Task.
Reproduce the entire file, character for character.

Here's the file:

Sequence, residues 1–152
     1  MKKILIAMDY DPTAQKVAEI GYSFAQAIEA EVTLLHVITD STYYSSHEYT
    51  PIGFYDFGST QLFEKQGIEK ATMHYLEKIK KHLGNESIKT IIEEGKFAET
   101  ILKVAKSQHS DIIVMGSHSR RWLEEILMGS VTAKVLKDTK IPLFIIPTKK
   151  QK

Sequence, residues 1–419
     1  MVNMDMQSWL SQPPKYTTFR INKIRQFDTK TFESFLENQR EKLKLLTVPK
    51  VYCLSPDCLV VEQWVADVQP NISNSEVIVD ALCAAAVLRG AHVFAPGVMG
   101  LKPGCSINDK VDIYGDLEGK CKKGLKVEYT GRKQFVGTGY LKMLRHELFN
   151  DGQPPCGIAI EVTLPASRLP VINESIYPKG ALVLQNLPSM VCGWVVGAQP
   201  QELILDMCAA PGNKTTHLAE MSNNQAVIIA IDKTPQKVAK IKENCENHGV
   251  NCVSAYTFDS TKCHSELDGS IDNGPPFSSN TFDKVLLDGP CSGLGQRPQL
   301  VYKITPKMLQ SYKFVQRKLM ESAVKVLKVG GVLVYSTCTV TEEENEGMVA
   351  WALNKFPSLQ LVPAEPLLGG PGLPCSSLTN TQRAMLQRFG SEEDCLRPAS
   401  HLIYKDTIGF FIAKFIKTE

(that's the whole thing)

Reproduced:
Sequence, residues 1–152
     1  MKKILIAMDY DPTAQKVAEI GYSFAQAIEA EVTLLHVITD STYYSSHEYT
    51  PIGFYDFGST QLFEKQGIEK ATMHYLEKIK KHLGNESIKT IIEEGKFAET
   101  ILKVAKSQHS DIIVMGSHSR RWLEEILMGS VTAKVLKDTK IPLFIIPTKK
   151  QK

Sequence, residues 1–419
     1  MVNMDMQSWL SQPPKYTTFR INKIRQFDTK TFESFLENQR EKLKLLTVPK
    51  VYCLSPDCLV VEQWVADVQP NISNSEVIVD ALCAAAVLRG AHVFAPGVMG
   101  LKPGCSINDK VDIYGDLEGK CKKGLKVEYT GRKQFVGTGY LKMLRHELFN
   151  DGQPPCGIAI EVTLPASRLP VINESIYPKG ALVLQNLPSM VCGWVVGAQP
   201  QELILDMCAA PGNKTTHLAE MSNNQAVIIA IDKTPQKVAK IKENCENHGV
   251  NCVSAYTFDS TKCHSELDGS IDNGPPFSSN TFDKVLLDGP CSGLGQRPQL
   301  VYKITPKMLQ SYKFVQRKLM ESAVKVLKVG GVLVYSTCTV TEEENEGMVA
   351  WALNKFPSLQ LVPAEPLLGG PGLPCSSLTN TQRAMLQRFG SEEDCLRPAS
   401  HLIYKDTIGF FIAKFIKTE